DESTIN, Fla. — University of Georgia president Jere Morehead fills many chairs, from acting as SEC President to his NCAA Board of Governors and Board of Directors appointments.
But no seat has been hotter than the one Morehead filled Tuesday on the SEC Network’s beachside stage for the Paul Finebaum Show.
While many other SEC school presidents and administrators spent the SEC Meetings at the Sandestin Hilton Beach Hotel hiding from media and dodging questions, Morehead stepped up front and center.
Morehead answered for the NCAA’s challenges, past and present, amid the unprecedented and unintended overhaul to the amateurism model after the passing of NIL and one-time transfer legislation last summer.
“It’s a mess, to be honest with you,” Morehead said at the onset, quickly gaining credibility with the live national television audience as one might expect from a former assistant United States Attorney in the Department of Justice and renowned jury expert.
“We have to make sure we don’t lose what is unique in college athletics.”
The explosive and well-documented war of words between Alabama coach Nick Saban and Texas A&M Jimbo Fisher from two weeks ago has dominated headlines, with NIL issues at its root.
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The NIL is not supposed to be used to induce or influence recruits in their choice of school.
Morehead and his national championship football coach, Kirby Smart, have voiced concern over recruits potentially choosing schools based on the highest bidder.
Finebaum, whose piercing interviews often leave coaching figures shaken and seething, dug deep into Morehead for answers to problems this new NCAA model has created.
“How,” Finebaum pressed, can fans have faith this “shattered” NCAA organization will solve and enforce the necessary rules?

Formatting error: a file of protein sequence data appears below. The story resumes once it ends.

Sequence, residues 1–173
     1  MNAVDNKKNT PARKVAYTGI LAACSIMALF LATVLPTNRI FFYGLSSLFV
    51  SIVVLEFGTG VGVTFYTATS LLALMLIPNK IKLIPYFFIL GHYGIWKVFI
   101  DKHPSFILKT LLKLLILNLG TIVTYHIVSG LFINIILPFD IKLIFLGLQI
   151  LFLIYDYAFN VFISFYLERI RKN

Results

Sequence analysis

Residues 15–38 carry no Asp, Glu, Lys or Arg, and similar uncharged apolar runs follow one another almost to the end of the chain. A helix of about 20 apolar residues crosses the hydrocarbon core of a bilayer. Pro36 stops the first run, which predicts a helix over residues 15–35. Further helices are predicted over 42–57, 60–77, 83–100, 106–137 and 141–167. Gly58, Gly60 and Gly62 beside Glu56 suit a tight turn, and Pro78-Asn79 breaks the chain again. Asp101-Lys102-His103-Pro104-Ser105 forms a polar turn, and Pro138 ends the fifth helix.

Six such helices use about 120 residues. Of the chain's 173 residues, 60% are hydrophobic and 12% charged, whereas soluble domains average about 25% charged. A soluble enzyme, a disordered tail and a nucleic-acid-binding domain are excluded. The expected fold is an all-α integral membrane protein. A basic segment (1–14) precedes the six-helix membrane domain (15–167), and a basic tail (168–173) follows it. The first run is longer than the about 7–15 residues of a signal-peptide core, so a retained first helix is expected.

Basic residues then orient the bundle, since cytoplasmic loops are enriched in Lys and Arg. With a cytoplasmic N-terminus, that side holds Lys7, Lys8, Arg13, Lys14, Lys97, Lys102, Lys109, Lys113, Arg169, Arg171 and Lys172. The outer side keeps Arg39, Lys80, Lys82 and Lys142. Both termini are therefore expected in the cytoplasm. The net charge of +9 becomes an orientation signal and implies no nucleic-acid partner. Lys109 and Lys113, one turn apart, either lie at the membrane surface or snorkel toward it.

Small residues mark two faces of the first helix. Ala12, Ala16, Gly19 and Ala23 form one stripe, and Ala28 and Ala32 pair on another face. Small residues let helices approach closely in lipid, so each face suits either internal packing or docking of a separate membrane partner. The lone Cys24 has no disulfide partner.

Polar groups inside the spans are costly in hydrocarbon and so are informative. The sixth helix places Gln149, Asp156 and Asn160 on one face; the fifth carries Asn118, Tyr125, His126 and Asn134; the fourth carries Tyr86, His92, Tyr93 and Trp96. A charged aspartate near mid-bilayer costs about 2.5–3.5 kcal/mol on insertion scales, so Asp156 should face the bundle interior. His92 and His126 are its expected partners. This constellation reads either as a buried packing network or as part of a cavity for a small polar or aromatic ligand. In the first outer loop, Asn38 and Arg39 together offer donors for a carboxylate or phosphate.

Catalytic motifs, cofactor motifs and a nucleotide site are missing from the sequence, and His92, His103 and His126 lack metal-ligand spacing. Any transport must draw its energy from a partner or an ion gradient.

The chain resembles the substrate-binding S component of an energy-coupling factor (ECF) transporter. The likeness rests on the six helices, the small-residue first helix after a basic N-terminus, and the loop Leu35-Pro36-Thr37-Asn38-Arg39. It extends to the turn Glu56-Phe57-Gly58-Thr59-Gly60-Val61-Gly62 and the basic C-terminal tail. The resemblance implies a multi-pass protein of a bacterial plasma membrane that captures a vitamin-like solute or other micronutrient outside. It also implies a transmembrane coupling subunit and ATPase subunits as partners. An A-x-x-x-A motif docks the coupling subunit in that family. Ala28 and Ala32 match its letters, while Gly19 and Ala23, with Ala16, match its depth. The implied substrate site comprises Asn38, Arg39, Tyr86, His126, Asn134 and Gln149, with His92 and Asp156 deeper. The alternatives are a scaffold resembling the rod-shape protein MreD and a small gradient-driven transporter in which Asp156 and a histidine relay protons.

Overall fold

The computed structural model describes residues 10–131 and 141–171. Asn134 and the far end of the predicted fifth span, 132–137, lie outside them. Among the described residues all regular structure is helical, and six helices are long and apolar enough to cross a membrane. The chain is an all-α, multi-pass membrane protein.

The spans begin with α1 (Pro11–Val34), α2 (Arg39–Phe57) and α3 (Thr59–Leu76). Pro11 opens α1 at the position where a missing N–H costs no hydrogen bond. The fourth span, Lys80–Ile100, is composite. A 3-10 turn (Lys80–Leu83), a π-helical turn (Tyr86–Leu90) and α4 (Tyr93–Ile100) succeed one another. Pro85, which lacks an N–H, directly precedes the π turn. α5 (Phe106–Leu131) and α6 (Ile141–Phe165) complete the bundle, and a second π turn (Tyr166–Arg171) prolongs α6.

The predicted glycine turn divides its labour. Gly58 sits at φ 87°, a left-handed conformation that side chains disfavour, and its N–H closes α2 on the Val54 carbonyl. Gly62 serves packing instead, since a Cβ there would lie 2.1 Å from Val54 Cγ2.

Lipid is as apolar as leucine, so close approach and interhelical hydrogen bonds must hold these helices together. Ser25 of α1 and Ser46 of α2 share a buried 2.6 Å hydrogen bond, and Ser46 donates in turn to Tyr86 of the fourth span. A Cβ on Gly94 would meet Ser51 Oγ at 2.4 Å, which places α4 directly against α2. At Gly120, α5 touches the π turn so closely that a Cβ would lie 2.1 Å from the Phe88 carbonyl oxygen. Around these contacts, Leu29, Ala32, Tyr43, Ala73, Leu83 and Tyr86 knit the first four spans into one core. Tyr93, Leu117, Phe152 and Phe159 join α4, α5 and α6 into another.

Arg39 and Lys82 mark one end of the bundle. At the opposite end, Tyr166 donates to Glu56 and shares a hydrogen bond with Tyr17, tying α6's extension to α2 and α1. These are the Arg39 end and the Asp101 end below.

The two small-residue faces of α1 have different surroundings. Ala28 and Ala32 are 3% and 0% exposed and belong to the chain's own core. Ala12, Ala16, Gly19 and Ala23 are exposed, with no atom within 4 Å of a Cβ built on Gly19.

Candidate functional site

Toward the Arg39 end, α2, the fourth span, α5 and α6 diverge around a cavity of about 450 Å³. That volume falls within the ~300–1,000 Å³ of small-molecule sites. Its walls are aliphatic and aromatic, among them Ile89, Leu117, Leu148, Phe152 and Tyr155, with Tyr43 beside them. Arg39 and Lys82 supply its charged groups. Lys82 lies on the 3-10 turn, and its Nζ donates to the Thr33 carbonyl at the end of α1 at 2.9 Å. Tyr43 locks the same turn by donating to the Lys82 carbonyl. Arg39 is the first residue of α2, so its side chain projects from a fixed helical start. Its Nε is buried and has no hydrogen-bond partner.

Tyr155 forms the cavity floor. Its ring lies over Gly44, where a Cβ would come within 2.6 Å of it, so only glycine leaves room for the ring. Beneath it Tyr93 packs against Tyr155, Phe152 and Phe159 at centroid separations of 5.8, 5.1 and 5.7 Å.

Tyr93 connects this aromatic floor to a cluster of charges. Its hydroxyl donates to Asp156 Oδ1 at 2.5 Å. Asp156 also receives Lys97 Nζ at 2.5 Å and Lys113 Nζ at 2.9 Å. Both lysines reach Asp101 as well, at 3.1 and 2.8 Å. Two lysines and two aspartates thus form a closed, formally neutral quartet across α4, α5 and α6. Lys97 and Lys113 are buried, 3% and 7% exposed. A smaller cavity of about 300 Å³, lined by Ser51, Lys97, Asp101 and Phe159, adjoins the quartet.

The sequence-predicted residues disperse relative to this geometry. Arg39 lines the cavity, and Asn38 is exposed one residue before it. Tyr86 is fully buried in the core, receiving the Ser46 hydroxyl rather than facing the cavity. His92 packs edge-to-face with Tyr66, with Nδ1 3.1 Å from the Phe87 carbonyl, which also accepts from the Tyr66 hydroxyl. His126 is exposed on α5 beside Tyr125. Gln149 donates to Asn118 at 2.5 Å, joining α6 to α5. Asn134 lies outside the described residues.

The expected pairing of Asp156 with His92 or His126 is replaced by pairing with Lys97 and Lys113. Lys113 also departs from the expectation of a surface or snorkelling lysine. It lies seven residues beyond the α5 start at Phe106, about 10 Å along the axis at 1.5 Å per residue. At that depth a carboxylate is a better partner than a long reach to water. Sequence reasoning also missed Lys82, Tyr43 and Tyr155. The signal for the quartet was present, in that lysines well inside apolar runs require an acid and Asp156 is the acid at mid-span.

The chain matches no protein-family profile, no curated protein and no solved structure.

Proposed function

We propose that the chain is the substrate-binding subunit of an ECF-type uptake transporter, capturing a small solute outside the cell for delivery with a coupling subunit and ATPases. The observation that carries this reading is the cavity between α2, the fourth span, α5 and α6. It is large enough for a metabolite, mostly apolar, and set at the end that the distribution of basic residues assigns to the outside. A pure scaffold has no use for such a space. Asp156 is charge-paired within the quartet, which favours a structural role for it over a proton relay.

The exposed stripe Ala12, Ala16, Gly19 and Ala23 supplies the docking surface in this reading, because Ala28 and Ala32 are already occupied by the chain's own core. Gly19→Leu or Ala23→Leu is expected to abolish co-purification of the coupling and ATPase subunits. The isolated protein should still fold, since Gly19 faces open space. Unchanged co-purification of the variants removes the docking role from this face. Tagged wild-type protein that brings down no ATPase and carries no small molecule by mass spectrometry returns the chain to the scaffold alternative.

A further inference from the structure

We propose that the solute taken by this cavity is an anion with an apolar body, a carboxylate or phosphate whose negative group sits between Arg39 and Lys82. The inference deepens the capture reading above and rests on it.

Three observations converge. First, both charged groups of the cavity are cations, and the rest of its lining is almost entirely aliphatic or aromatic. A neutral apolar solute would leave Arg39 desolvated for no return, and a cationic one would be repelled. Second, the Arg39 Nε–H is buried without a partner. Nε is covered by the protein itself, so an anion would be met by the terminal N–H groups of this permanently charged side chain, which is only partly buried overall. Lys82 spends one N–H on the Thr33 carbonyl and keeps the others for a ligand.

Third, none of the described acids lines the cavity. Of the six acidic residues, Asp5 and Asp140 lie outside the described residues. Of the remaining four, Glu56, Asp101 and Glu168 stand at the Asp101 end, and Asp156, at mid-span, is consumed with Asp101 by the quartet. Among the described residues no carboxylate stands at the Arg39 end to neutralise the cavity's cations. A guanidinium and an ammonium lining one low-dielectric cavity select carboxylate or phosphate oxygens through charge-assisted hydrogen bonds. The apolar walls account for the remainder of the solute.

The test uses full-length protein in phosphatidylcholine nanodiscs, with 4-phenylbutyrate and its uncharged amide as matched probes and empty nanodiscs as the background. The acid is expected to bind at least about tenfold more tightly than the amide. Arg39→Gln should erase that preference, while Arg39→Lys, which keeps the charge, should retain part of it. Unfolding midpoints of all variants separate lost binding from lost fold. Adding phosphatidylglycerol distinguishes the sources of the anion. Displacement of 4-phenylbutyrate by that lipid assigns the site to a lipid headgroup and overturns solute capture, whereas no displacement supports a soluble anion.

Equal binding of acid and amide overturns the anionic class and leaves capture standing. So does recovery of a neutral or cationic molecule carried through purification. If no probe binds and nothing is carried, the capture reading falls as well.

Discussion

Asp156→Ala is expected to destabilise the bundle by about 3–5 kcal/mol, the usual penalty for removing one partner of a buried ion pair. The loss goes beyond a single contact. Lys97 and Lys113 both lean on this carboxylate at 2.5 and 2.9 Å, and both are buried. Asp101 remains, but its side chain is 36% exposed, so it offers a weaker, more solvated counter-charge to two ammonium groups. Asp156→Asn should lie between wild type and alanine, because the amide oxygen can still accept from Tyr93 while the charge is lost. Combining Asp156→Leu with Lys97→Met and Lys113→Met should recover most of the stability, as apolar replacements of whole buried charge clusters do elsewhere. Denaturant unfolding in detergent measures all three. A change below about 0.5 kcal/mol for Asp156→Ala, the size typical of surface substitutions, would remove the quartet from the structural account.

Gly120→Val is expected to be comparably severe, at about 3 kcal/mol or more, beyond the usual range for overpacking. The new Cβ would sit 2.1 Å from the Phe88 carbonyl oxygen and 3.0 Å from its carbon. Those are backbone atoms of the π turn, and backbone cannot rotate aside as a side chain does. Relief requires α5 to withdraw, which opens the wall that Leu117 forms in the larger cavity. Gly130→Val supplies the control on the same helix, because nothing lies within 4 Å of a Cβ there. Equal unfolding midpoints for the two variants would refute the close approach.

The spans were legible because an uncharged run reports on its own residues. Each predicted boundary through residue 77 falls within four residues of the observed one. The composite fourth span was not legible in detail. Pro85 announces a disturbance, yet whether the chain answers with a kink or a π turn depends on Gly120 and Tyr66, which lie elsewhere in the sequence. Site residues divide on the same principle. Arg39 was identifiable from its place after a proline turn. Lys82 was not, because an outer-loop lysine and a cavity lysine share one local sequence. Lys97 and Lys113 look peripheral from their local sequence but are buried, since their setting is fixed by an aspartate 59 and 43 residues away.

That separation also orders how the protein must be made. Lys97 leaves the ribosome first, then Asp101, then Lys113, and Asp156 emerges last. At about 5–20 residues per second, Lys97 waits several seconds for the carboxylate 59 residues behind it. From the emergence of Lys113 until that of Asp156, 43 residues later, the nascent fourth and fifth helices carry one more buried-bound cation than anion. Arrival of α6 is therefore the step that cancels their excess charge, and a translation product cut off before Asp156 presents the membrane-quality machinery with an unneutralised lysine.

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“Unless Congress acts, the NCAA is our organization, it’s what we have,” Morehead calmly responded.
“We have to work through the process, and we have to do our best to enforce the rules that we have.
“We can’t lose faith with what we have. We have to work to reform it and make it better.”
Morehead acknowledged these are “complicated times” when Finebaum charged there is selfishness among some schools despite the crisis.
“But we also have some great leaders,” Morehead countered, “so I’m not giving up on it.”
Finebaum said on Thursday Morehead was the first school president to appear live on stage at SEC Spring Meetings.
“I didn’t intend to be cross-examining a former U.S. attorney, but these are important questions college athletics are facing,” Finebaum said.
“The conference office recognizes him as one of the most important and influential college presidents, not only in the SEC, but all of college football,” he said, “so we weren’t going to be asking what kind of tomatoes he’s growing in his garden.”
Indeed, with NCAA president Mark Emmert’s announcement that he’s stepping down from his role in June of 2023, collegiate athletics’ governing body is sorely in need of the leadership and direction Morehead seems poised to provide.
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Morehead proved up to more challenges beyond Finebaum’s 15-minute cross-examination.
School was back in session when the 65-year-old law professor was chased down by media in a hotel hallway on Wednesday to answer the question as to how the NCAA could govern NIL with the threat of antitrust lawsuits.
“You’re making an assumption that whatever guard rails created are ones that wouldn’t survive a litigation review,” Morehead said. “I’m also a lawyer, and I think we can devise rules that have the potential of surviving scrutiny.
“If the NCAA enforcement staff cannot solve the challenges created by NIL, Congress becomes the only remaining option in creating some reasonable guard rails.”
Many have jumped to the conclusion that, without subpoena power, the NCAA enforcement staff is powerless to uphold the current legislation.
Morehead was in the room with other members of the Board of Directors when they informed the enforcement staff to “pursue cases as they have in the past, where they believe the NIL is coming into conflict with NCAA rules and launch investigations.
“I think this was just the first step,” Morehead warned. “It wouldn’t surprise me to see the enforcement staff or the board of directors take further action in the future.
“I think we’re really at the height of college athletics, and I’m optimistic about the future.”
The SEC Meetings conclude on Friday, with league presidents and athletic directors expected to address new schedule models, potentially voting on them.
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